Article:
“Gold!” “Gold!” The cry went out in 1848 from Sutter’s Mill, 100 miles northeast of San Francisco, and thousands of men and women around the world rushed to the American West to seek their fortunes.
Jews, too, joined the Gold Rush. But most of them, like the Bavarian-born Levi Strauss, realized that fortunes could be made by providing supplies and services to the miners. They set up shop in canvas tents or in hastily built wooden shacks in the new mining towns and in San Francisco, the city where most miners outfitted themselves before setting out to dig.
Many of the Jews who came would remain to help build the dynamic, cosmopolitan city on the bay, becoming prominent in commerce, banking and industry. As the wealth of these pioneers grew, they would become major benefactors of the symphony, the opera, the theater, the public library, the universities, recreation areas and much more.
The German-speaking Jews, especially those from Bavaria, would also become members of the city’s social elite. Names such as Strauss, Stern, Haas, Lilienthal, Gerstle, Sloss, Greenebaum, Koshland, Levison, Zellerbach and Fleishhacker are deeply woven into the fabric of San Francisco history, and marriages between the families created an intricate web of strong and supportive relationships.
Whereas in Europe, even after the revolutions of 1848, Jews were still treated as second-class citizens, in Gold Rush country Jews were accepted as equals, and anti-Semitic incidents were rare, according to historian Irena Narell, author of Our City: The Jews of San Francisco. Jews became politicians and judges; they sat on the boards of cultural, educational and economic institutions in the new state of California. One even became governor of the state.
Strauss, the son of a dry goods peddler, was 24 when he arrived in San Francisco in 1853 to open his own wholesale dry goods business and a branch of a similar business his step-brothers owned in New York. According to popular myth, he immediately had the brilliant idea of making sturdy denim work trousers for miners and of reinforcing points of strain, especially the pockets, with copper rivets.
The truth, according to historians at Levi Strauss and Co., is a little different. Denim was already in use for work clothes, and one of Strauss’s regular customers, a Latvian-born tailor named Jacob Davis, came up with the idea of using rivets. But in 1872 Davis turned to Strauss, by then a successful businessman, for financial help in patenting the invention; in 1873 the patent was granted to both men.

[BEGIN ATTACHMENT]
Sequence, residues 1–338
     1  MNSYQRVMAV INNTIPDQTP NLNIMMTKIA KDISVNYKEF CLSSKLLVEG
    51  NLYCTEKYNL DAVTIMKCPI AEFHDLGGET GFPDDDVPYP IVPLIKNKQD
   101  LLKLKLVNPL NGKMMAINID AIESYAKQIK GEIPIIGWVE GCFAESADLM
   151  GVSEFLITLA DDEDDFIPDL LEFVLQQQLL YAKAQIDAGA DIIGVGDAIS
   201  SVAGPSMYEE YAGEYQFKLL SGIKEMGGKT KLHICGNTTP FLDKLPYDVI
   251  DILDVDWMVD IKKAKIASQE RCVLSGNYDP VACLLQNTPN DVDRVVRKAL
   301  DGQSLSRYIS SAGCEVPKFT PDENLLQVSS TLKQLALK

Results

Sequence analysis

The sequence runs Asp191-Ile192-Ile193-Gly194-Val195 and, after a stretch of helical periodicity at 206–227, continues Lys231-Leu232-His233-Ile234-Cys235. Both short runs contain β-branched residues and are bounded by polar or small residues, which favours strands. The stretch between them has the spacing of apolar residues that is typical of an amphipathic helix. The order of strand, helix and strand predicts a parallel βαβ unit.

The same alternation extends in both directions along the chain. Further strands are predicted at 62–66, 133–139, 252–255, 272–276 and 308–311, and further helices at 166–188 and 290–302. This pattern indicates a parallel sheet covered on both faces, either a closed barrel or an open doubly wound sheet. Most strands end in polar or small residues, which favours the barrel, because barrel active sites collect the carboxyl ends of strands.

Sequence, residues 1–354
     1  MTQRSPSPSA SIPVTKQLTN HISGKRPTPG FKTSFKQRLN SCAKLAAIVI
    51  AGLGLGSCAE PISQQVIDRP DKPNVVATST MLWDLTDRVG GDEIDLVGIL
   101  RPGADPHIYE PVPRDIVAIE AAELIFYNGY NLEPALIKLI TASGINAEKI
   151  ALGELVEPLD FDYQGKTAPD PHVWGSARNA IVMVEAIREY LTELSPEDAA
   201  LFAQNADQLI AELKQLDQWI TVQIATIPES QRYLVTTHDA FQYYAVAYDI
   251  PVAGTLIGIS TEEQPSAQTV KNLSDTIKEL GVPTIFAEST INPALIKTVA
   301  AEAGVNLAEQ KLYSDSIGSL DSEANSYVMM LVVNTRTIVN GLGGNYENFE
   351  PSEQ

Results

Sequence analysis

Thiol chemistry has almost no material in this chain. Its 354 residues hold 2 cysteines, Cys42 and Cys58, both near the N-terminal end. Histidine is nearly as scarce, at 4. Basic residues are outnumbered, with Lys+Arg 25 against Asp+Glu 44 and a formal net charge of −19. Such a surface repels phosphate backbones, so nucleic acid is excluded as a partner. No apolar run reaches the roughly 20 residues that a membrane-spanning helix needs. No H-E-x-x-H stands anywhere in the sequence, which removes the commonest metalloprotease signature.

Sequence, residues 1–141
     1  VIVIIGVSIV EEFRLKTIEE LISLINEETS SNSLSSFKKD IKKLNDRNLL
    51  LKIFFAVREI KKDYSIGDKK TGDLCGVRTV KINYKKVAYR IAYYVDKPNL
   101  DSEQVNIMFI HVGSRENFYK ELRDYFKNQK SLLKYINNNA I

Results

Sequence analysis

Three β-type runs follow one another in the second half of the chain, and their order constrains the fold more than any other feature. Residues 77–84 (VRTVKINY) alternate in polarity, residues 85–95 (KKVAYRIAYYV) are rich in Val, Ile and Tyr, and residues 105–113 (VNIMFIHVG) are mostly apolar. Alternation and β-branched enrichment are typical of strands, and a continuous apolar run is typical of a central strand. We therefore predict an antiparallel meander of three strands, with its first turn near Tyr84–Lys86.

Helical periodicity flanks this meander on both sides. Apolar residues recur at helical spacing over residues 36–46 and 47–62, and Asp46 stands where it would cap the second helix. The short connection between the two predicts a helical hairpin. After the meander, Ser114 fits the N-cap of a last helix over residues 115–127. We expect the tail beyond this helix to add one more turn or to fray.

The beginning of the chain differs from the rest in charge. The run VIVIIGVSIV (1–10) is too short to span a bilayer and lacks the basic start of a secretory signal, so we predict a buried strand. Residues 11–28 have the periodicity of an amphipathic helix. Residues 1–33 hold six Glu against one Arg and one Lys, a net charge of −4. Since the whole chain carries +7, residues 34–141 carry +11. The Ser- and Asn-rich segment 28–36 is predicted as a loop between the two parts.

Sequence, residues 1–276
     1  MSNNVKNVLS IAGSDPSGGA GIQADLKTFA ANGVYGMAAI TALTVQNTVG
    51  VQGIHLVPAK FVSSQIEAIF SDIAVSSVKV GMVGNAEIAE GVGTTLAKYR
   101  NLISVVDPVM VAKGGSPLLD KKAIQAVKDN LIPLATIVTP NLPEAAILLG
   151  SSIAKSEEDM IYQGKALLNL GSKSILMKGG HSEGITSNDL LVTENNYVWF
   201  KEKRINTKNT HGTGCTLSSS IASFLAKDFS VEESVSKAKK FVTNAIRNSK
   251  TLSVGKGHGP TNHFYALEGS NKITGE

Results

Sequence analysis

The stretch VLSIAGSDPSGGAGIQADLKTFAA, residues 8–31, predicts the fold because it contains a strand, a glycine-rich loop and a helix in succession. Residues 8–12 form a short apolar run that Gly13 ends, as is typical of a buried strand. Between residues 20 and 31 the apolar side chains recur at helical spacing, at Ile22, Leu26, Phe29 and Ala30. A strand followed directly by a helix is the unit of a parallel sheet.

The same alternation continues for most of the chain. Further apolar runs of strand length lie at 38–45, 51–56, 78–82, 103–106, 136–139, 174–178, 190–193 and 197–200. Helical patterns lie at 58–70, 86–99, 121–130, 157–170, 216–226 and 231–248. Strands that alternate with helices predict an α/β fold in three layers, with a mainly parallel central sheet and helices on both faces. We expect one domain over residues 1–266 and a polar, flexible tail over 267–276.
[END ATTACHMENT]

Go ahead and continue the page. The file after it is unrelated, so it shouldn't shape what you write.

That year, Strauss and Davis started manufacturing the work trousers that became increasingly popular and eventually came to be known as “jeans.” Neither man, however, could have imagined that one day jeans would be worn for both work and play, that they would be sold in more than 100 countries and that they would become so popular that net sales would mushroom to billions of dollars.
Despite Strauss’s early success, he did not put on airs. “He encouraged his employees to call him Levi,” said Lynn Downey, a company historian.
Strauss was generous, too, with his wealth. As a member of Temple Emanu-El, he contributed to the gold medal given annually to the best Sabbath School student. He also supported the Pacific Hebrew Orphan Asylum and Home, the Eureka Benevolent Society and the Hebrew Board of Relief.
Starting in 1897, Strauss provided the funds for twenty-eight scholarships at the University of California, Berkeley, just across the bay. Eleven of the original recipients were women.
Strauss never married; he lived with his sister, Fanny Stern, and her family. Of Fanny’s four sons, who would inherit the business, Sigmund was Strauss’s favorite.
When Strauss died in 1902, the front page of the San Francisco Call carried the story. On the day of the funeral, local businesses closed so that their proprietors could attend the services. Strauss left most of his $6 million estate to his four nephews, but there were also bequests to his favorite charities.
The devastating fire that followed the great earthquake of 1906 destroyed the company’s headquarters, including all records, and both factories. Strauss’s nephews not only rebuilt the company but helped other merchants get on their feet again. To this day the company is privately owned by descendants of the family, who continue to support cultural and educational endeavors throughout the city. Chairman emeritus of the board is Bob Haas, Strauss’s great-great-grandnephew.
Despite the family’s great wealth, its members prefer not to display it ostentatiously, says company historian Stacia Fink. “They don’t drive it, they don’t wear it,” she said.
Elise Fanny Haas (daughter of Sigmund Stern) is just one example of the family’s involvement and achievements. She was the first woman to become president of the board of the San Francisco Museum of Modern Art. When she died in 1990, she left 37 works to the museum, including Matisse’s Femme au Chapeau. The foundation she and her husband, Walter, established supports all the arts, especially dance, theater, music, museums and youth development through the arts. Blue denim had turned to gold, and gold had turned to culture.
Next: San Francisco: Jewish connections everywhere
Text and photo copyright 2010 by Esther Hecht. No part of the text or photo may be used without written permission of the author.